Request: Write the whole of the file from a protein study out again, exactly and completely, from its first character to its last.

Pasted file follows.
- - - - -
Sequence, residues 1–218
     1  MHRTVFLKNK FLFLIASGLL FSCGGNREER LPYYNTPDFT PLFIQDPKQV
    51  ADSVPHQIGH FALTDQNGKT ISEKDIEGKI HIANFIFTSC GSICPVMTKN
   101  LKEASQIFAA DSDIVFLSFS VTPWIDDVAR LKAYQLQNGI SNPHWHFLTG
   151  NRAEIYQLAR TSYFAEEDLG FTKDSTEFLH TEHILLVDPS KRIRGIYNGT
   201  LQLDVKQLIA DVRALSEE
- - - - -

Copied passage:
Sequence, residues 1–218
     1  MHRTVFLKNK FLFLIASGLL FSCGGNREER LPYYNTPDFT PLFIQDPKQV
    51  ADSVPHQIGH FALTDQNGKT ISEKDIEGKI HIANFIFTSC GSICPVMTKN
   101  LKEASQIFAA DSDIVFLSFS VTPWIDDVAR LKAYQLQNGI SNPHWHFLTG
   151  NRAEIYQLAR TSYFAEEDLG FTKDSTEFLH TEHILLVDPS KRIRGIYNGT
   201  LQLDVKQLIA DVRALSEE